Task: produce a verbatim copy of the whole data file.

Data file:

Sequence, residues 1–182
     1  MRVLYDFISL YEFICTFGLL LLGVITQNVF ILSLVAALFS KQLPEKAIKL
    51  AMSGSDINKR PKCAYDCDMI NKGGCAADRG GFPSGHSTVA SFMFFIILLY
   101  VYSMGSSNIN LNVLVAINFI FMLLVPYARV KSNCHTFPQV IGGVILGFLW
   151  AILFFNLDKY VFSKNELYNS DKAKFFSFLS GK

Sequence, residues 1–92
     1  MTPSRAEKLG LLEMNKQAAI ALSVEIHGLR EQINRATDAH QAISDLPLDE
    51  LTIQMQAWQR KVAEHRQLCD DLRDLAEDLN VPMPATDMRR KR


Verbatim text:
Sequence, residues 1–182
     1  MRVLYDFISL YEFICTFGLL LLGVITQNVF ILSLVAALFS KQLPEKAIKL
    51  AMSGSDINKR PKCAYDCDMI NKGGCAADRG GFPSGHSTVA SFMFFIILLY
   101  VYSMGSSNIN LNVLVAINFI FMLLVPYARV KSNCHTFPQV IGGVILGFLW
   151  AILFFNLDKY VFSKNELYNS DKAKFFSFLS GK

Sequence, residues 1–92
     1  MTPSRAEKLG LLEMNKQAAI ALSVEIHGLR EQINRATDAH QAISDLPLDE
    51  LTIQMQAWQR KVAEHRQLCD DLRDLAEDLN VPMPATDMRR KR